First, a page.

Pelvic inflammatory disease is a general term for infection of the uterus lining, fallopian tubes, or ovaries.
See also: Endometritis
Most cases of pelvic inflammatory disease are caused by bacteria that move from the vagina or cervix into the uterus, fallopian tubes, ovaries, or pelvis.
The most common cause of PID is sexual contact without using a condom or other protection. This is called a sexually transmitted disease (STD). Chlamydia and gonorrhea are the two bacteria that cause most cases of PID.
However, bacteria may also enter the body during some surgical or office procedures, such as:
In the United States, nearly 1 million women develop PID each year. About 1 in 8 sexually active adolescent girls will develop PID before age 20.
Risk factors include:
The most common symptoms of PID include:
Other symptoms that may occur with PID:
Note: There may be no symptoms. People who experience an ectopic pregnancy or infertility often have had silent PID, which is usually caused by chlamydia infection.
You may have a fever and abdominal tenderness. A pelvic examination may show:
Lab tests that look for signs of infection are:
Other tests include:
Your doctor will often start you on antibiotics while waiting for your test results.
If you are diagnosed with milder PID, you will usually be given an antibiotic injection or shot, and then sent home with antibiotic pills to take for up to 2 weeks. You will need to closely follow up with your health care provider.
More severe cases of PID may require you to stay in the hospital. Antibiotics are first given by IV, and then later by mouth. Which antibiotic is used depends on the type of infection.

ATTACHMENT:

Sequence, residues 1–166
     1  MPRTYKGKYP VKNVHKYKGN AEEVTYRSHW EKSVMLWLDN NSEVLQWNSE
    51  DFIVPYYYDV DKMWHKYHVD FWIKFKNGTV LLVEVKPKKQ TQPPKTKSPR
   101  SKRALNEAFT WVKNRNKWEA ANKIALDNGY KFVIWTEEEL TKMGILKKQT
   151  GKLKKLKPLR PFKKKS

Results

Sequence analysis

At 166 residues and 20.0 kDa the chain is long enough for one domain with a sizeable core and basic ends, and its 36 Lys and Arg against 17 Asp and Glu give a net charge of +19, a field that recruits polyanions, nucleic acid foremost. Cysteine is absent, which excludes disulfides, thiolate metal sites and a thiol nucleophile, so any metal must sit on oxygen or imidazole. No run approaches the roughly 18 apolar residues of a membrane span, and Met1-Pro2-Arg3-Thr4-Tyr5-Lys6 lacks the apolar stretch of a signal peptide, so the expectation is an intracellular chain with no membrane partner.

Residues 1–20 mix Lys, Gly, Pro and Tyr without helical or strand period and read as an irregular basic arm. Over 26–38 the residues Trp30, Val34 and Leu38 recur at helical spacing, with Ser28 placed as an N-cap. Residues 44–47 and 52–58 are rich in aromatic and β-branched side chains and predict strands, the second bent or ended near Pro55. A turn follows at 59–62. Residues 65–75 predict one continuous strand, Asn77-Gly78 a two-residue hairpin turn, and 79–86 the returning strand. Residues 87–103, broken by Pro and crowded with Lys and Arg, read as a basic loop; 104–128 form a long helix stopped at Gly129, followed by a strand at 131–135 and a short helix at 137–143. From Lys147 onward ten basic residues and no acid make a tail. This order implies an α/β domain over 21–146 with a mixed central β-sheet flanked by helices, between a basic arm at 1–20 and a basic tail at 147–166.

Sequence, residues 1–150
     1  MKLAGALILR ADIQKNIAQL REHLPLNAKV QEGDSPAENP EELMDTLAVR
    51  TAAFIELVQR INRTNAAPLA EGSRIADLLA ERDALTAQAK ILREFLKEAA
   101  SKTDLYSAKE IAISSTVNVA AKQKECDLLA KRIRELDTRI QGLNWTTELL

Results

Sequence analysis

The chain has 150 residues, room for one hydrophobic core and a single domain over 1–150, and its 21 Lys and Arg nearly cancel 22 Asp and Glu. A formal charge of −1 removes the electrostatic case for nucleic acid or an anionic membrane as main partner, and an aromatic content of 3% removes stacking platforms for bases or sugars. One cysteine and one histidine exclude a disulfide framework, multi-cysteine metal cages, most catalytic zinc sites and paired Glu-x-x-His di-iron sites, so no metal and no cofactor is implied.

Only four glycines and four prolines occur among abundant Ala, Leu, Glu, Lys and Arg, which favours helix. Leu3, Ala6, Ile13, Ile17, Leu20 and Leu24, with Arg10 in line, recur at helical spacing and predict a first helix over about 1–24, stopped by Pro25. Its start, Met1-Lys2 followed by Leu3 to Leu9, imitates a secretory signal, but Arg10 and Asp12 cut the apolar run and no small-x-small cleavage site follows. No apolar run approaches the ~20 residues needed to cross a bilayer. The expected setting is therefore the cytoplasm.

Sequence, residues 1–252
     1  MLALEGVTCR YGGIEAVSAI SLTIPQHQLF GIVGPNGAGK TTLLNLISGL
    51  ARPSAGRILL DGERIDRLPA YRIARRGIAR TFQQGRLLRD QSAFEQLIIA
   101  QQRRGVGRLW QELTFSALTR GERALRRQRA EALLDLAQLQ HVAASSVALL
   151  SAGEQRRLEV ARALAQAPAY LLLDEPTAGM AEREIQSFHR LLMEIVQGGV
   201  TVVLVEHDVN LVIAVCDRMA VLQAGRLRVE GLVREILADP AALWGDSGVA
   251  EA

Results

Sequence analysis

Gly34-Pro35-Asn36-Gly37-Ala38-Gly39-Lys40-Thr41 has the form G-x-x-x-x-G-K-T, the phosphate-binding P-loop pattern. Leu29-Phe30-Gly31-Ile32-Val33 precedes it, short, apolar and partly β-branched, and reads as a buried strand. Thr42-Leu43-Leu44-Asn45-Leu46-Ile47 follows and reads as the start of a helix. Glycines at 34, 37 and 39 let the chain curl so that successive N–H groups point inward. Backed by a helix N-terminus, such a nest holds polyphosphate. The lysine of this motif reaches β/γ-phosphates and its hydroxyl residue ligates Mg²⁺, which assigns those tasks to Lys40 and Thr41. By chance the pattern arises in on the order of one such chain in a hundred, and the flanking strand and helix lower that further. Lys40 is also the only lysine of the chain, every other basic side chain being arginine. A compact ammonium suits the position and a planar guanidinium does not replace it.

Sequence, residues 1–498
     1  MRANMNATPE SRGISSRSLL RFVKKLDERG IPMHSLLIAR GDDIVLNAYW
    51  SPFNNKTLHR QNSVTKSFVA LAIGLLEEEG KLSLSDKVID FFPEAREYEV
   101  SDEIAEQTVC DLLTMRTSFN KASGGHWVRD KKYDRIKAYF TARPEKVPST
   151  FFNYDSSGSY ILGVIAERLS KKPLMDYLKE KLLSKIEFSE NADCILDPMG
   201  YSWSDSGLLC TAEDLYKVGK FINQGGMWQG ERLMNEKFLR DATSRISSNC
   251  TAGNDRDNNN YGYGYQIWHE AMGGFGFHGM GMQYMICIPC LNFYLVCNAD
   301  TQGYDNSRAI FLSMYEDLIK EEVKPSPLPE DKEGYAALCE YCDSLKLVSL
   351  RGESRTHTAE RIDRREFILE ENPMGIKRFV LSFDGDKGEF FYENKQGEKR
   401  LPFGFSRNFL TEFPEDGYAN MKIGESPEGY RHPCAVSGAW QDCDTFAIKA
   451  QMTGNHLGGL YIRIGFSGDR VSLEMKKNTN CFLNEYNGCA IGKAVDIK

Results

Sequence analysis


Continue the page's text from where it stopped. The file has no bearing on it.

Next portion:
A number of different antibiotics may be used for treating this type of infection. Some are safe in pregnant women. See gonorrhea or chlamydia for specific treatment recommendations.
Sexual partners must be treated to prevent passing the infection back and forth. You and your partner must finish all of the antibiotics. Use condoms until you both have finished taking your antibiotics.
Complicated cases that do not improve with antibiotics may need surgery.
PID infections can cause scarring of the pelvic organs, possibly leading to:
Call your health care provider if:
Preventive measures include:
You can reduce the risk of PID by getting regular STD screening exams. Couples can be tested for STDs before starting to have sex. Testing can detect STDs that may not be producing symptoms yet.
All sexually active women ages 20 - 25 and younger should be screened each year for chlamydia and gonorrhea. All women with new sexual partners or multiple partners should also be screened.
PID; Oophoritis; Salpingitis; Salpingo-oophoritis; Salpingo-peritonitis